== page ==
If a foreigner were to ask you which are the most iconic Singaporean dishes, would you mention braised duck straightaway?
Yeah, I know, right?!
You probably would have said, chicken rice, chilli crabs, laksa, fried Hokkien mee, char kway teow or even carrot cake but braised duck….. well, we do like it and there are quite a few nice braised duck stalls around but it doesn’t really belong in the canon of iconic Singaporean food… or does it?
Perhaps the problem with braised duck is that it faces an identity crisis. Unlike carrot cake which is usually found only at specialised hawker stalls, braised duck appears at, Teochew porridge stalls, fish soup stalls, kway chap stalls, braised duck noodles stalls and families with grandmas who still make it at home. So is it a hawker dish, a home cooked dish or is it part of a spread of Teochew porridge dishes?
Last year’s announcement that Liang Zhao Ji Braised Duck made it to the Bib Gourmand listing in the Michelin Guide came as quite a surprise. Not because it wasn’t worthy of it — it is one of the most famous braised duck stalls in Singapore — but because braised duck has always in the B list of foods to eat when one visits our island food paradise.
Liang Zhao Ji has been around since the 1960’s and started off as a roadside stall outside of the Hoover theatre in Balestier. The stall moved to its current location at the Whampoa Drive Food Centre in 1978 as part of the government’s initiative to clear the hawkers off the streets. In 1979, Mr Low Ah Leng, started working there as a 17 year old apprentice and subsequently took over the business from the original hawker in 2005.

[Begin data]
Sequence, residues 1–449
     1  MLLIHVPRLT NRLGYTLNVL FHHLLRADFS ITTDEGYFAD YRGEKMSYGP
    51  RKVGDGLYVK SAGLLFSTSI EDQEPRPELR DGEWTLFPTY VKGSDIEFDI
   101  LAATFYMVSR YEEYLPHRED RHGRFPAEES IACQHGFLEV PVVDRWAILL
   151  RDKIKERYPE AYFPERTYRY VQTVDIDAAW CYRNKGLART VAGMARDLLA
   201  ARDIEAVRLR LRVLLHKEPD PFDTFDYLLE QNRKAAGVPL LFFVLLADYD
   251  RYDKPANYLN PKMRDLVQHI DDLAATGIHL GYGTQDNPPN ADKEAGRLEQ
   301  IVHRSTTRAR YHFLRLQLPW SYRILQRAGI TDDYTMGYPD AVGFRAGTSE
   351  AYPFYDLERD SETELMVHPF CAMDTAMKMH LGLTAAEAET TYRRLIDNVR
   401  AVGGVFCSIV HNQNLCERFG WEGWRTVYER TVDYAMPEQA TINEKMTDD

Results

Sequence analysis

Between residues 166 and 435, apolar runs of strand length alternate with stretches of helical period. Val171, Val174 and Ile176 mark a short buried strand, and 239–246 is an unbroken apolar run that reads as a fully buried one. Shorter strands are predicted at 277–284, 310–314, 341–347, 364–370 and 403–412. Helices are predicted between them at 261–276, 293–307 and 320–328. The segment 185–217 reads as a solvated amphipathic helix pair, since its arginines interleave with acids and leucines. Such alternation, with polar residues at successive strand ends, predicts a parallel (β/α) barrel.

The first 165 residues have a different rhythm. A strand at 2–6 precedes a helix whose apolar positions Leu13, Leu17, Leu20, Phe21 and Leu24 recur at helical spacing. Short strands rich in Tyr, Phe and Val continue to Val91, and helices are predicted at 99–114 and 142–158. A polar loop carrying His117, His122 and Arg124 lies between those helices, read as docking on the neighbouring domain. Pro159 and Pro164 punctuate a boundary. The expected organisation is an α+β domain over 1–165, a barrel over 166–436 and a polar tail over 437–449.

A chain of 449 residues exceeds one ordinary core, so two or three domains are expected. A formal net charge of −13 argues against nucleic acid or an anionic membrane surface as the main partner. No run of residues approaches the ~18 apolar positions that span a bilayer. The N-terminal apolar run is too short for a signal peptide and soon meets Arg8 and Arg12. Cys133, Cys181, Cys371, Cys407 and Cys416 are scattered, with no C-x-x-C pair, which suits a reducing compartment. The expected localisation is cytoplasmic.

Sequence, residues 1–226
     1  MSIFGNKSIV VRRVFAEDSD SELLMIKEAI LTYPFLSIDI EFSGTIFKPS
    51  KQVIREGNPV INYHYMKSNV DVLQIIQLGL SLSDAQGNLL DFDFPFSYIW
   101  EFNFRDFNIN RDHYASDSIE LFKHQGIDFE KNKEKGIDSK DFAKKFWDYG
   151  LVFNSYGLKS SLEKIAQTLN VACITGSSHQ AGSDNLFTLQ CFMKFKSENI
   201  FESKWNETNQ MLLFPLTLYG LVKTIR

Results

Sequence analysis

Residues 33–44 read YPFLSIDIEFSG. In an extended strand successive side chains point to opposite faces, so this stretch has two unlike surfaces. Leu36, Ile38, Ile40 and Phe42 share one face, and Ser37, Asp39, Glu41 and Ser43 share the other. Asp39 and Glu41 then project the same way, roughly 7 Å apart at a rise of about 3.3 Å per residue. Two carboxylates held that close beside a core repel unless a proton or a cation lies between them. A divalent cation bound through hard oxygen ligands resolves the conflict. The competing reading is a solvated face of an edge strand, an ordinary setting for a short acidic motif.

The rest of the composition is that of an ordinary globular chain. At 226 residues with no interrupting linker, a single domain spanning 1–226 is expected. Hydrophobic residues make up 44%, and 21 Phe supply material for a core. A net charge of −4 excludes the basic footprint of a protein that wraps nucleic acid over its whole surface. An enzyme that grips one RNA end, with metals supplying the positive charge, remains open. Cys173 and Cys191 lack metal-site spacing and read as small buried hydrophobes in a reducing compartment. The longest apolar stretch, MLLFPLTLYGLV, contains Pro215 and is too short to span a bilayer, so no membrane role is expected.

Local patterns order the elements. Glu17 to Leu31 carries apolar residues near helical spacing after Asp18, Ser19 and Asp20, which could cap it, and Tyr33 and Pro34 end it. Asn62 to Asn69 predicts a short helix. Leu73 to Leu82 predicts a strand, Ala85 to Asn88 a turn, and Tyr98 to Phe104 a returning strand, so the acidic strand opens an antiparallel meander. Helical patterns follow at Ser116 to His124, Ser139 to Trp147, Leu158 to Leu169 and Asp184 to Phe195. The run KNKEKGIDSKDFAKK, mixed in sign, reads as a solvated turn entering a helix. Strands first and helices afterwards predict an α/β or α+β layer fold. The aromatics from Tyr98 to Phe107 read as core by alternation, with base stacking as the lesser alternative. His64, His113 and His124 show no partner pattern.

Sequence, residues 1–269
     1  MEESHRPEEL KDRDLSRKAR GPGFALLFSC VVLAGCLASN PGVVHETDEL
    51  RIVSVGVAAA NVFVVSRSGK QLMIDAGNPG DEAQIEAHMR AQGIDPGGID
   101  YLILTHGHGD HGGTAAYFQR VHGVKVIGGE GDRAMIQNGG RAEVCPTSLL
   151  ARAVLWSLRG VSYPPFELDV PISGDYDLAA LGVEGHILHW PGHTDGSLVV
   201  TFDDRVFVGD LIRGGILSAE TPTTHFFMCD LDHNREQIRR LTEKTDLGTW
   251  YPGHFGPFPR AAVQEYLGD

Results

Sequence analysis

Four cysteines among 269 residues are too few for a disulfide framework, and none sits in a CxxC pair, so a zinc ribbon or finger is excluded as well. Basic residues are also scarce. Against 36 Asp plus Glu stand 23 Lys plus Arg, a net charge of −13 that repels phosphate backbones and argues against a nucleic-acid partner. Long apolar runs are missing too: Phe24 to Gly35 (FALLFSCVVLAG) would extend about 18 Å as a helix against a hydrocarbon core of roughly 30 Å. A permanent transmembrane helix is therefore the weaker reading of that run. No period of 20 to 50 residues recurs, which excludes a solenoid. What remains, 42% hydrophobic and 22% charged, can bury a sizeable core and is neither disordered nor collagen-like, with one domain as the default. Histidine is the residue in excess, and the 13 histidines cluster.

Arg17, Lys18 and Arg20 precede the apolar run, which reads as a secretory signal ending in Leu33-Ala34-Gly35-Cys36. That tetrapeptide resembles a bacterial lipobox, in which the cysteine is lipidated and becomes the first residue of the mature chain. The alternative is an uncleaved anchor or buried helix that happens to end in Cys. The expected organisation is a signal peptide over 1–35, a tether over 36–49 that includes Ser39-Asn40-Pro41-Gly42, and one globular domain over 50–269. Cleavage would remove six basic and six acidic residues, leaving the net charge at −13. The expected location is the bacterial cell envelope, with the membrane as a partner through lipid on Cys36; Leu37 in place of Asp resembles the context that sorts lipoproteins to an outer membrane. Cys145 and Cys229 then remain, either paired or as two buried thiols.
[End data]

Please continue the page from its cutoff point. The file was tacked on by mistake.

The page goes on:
Mr Low is Teochew, but his master was Cantonese and so the duck porridge is considered the Cantonese version of a Teochew dish that is ironically made by a Teochew!
So what is a Cantonese braised duck, I hear you ask?
Well, that is a good question.
According to Mr Low the braised duck is Cantonese style because it was made by Cantonese man. As such he uses 12 different herbs in the braising sauce. The porridge is also made in the style of the Cantonese congee which is flavoured with stock and cooked till it is smooth, unlike Teochew style porridge where the grains of rice still retain their integrity.
The duck was tender and flavourful without being too salty. Mr Low makes it a point to reduce the amount of salt in the braising sauce to make it a more healthy for his customers. He uses 2.9-3kg ducks as they are more flavourful and he tells me that timing is of paramount importance in producing a tender duck. The braising sauce has a calming sweetness that comes from the rock sugar and herbs and goes really well with the smooth and flavourful congee. 4.25/5
So. Braised duck. Is it an iconic Singaporean dish or is it just another dish which we all enjoy but would never introduce our foreign friends to? Whatever it may be, Liang Zhao Ji has made it into the Michelin Guide which might mean that the status of braised duck might change in the future! Let’s wait and see!
Congrats to Liang Zhao Ji for being listed in the Bib Gourmand category of the Michelin Guide Singapore 2016, 2017.